Leahy Leads Bicameral Coalition of 41 Lawmakers In Support of Proposed Rule to Protect Consumers of Generic Drugs

WASHINGTON (WEDNESDAY, March 5, 2014) – Senator Patrick Leahy Wednesday led a coalition of 17 senators and 24 members of the House in support of a proposed regulation by the Food and Drug Administration that will improve the labeling on generic drugs and secure equal treatment for consumers who take generics.

Leahy has worked closely on this issue since he became involved in the case of Marshfield, Vt., musician Diana Levine, who was forced to undergo amputation of her arm after being injected with a mislabeled drug. Leahy filed an amicus brief in the United States Supreme Court in support of Mrs. Levine’s case against the drug manufacturer in 2008. Mrs. Levine won her case, but two years later the Court ruled against a similarly-situated victim, Gladys Mensing, who was injured by the generic version of a prescription drug. The court held that the generic drug company could not be held liable for a mislabeled product — and Mrs. Mensing could not seek redress for her injuries — because generics lack the ability to improve their labels even if they become aware of new safety problems.

Leahy introduced legislation to address the Mensing decision in 2012, and led letters in May 2012 and June 2013 urging the FDA to ensure that generic manufacturers of prescription drugs can update their warning labels to provide better patient safety information to consumers. The FDA issued its Proposed Rule in November. The congressional comments submitted Wednesday strongly support the rule.

Leahy said, “A consumer should not have her rights foreclosed simply because she takes the generic version of a prescription drug. I welcome this FDA action to ensure that generic manufacturers can improve their patient safety labels. Responsible brand-name and generic manufacturers alike should have the ability, and the obligation, to give doctors and patients the information they need to avoid injuries.” 

The congressional coalition includes senior lawmakers from the Senate and House committees charged with oversight of the nation’s policies on health, consumer rights, aging, and veterans’ affairs.

In addition to Leahy, who chairs the Senate Judiciary Committee, the signers include Senate Health, Education, Labor & Pensions Committee Chairman Tom Harkin (D-Iowa), Senator Al Franken (D-Minn.), Senator Richard Durbin (D-Ill.), Senator Sheldon Whitehouse (D-R.I.), Senator Richard Blumenthal (D-Conn.), Senator Chris Coons (D-Del.), Senator Mazie Hirono (D-Hawaii), Senator Patty Murray (D-Wash.), Senator Bob Casey (D-Pa.), Senator Tammy Baldwin (D-Wisc.), Senator Elizabeth Warren (D-Mass.), Senate Veterans Affairs Committee Chairman Bernie Sanders (I-Vt.), Senator Sherrod Brown (D-Ohio), Senator Jack Reed (D-R.I.), Senator Jeff Merkley (D-Ore.), Senator Mark Pryor (D-Ark.), Ranking Member of the House Energy & Commerce Committee Henry Waxman (D-Calif.), Ranking Member of the House Judiciary Committee John Conyers (D-Mich.), Ranking Member of the House Budget Committee Chris Van Hollen (D-Md.), Representative Bruce Braley (D-Iowa), Ranking Member of the House Subcommittee on Health Frank Pallone (D-N.J.), Ranking Member of the House Committee on Veterans Affairs Mike Michaud (D-Maine), and Representatives Gwen Moore (D-Wis.), Jerrold Nadler (D-N.Y.), Matt Cartwright (D-Pa.), Debbie Wasserman Schultz (D-Fla.), Diana DeGette (D-Colo.), Louise Slaughter (D-N.Y.), Paul Tonko (D-N.Y.), Hank Johnson (D-Ga.), Eddie Bernice Johnson (D-Texas), Joe Garcia (D-Fla.), Carolyn Maloney (D-N.Y), Jan Schakowsky (D-Ill.), Lloyd Doggett (D-Texas), Doris Matsui (D-Calif.), Sheila Jackson Lee (D-Texas), Jerry McNerney (D-Calif.), Ted Deutch (D-Fla.), and Hakeem Jeffries (D-N.Y.).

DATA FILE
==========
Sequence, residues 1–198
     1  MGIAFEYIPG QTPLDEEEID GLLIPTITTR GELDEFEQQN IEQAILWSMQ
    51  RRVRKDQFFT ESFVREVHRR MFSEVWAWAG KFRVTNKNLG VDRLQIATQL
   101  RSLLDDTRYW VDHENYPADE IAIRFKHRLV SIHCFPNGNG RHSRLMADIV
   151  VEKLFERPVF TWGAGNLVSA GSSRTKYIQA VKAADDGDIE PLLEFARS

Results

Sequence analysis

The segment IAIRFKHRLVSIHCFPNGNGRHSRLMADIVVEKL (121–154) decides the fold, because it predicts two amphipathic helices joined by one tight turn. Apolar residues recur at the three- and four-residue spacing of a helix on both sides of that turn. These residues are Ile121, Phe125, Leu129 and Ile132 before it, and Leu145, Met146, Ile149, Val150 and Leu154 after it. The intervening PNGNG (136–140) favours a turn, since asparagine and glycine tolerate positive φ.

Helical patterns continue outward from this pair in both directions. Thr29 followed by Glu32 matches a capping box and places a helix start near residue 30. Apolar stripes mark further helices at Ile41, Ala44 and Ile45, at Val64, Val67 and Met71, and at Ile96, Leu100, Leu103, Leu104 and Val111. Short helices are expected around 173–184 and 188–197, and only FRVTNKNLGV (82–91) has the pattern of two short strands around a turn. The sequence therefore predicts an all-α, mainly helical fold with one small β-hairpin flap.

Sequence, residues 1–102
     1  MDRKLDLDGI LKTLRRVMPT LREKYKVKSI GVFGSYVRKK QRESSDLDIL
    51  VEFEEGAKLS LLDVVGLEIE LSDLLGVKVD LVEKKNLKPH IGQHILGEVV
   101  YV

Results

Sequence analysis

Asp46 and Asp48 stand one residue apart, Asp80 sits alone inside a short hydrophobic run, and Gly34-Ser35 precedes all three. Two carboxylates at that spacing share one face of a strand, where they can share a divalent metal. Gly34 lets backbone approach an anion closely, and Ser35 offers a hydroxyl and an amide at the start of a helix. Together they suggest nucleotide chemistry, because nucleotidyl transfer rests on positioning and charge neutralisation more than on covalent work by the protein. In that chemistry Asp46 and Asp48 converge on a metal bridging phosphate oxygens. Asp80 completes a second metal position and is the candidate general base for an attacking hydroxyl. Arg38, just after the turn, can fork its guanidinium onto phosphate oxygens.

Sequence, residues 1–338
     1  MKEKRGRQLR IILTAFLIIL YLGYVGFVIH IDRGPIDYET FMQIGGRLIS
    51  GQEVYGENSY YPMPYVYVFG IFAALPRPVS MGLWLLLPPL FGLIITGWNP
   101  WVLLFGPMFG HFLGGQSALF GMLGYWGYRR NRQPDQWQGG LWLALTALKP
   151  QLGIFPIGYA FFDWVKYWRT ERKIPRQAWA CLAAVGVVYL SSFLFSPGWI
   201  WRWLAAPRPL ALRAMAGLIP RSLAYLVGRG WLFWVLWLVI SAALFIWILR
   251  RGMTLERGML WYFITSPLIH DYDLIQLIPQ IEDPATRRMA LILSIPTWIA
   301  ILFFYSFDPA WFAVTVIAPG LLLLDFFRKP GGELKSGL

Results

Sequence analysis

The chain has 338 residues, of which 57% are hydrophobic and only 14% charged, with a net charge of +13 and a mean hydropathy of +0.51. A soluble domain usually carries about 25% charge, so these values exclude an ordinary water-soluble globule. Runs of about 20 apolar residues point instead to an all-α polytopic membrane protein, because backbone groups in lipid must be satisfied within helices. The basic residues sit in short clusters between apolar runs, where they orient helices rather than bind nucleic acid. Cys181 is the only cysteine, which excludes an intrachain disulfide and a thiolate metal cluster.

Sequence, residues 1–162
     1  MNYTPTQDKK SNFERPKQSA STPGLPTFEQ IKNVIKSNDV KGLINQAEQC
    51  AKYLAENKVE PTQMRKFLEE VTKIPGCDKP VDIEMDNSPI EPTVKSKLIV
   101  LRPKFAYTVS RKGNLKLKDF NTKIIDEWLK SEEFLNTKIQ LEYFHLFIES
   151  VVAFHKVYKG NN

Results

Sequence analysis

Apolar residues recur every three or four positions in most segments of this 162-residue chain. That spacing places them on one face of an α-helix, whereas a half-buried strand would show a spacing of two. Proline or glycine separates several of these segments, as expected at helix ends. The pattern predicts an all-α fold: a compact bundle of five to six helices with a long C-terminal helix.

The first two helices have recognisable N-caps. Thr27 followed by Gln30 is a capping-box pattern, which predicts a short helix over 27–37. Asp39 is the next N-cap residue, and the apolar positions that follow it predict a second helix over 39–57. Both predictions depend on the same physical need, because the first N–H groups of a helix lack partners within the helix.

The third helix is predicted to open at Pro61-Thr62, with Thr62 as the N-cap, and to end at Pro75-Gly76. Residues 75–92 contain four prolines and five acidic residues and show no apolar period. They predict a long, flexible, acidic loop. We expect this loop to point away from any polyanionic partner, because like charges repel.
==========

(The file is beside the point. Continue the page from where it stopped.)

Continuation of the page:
Action on this issue has been supported by a broad coalition of patient safety and consumer groups, including Public Citizen, Breast Cancer Action, National Consumers’ League, and the National Women’s Health Network.

A copy of the congressional comments to FDA Commissioner Doctor Margaret Hamburg is available online.

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Excerpts from the letter:

“Current rules that preclude generic drug manufacturers from updating their safety information through the CBE process have a detrimental impact on consumers—and, specifically, on our constituents,” the lawmakers write. “The Proposed Rule is critically important to ensure that the public is informed as soon as possible when new safety information becomes available, and to ensure that labeling for a prescription drug remains up-to-date even when the branded drug is no longer being marketed or has not undergone a labeling update to reflect newly discovered risks.” “Consumers who are injured by the generic version of a prescription drug have been foreclosed from seeking any remedy for inadequate labeling, even though consumers who take the brand-name version of the drug may seek recourse for their injury. This disparate outcome for consumers who take generic and brand name drugs is directly counter to the intent of the Hatch-Waxman Act and to generic substitution laws that have been implemented across the country.

We share a common objective of ensuring that safe, affordable generic drugs are available to all consumers. At the same time, we believe strongly that all drug makers, including generic manufacturers, should be able to take appropriate steps to enhance warning information given to doctors and consumers.”

Once finalized, the Proposed Rule will take a significant step towards improving consumer safety information and ensuring equal protection for the millions of Americans who take generic drugs.”

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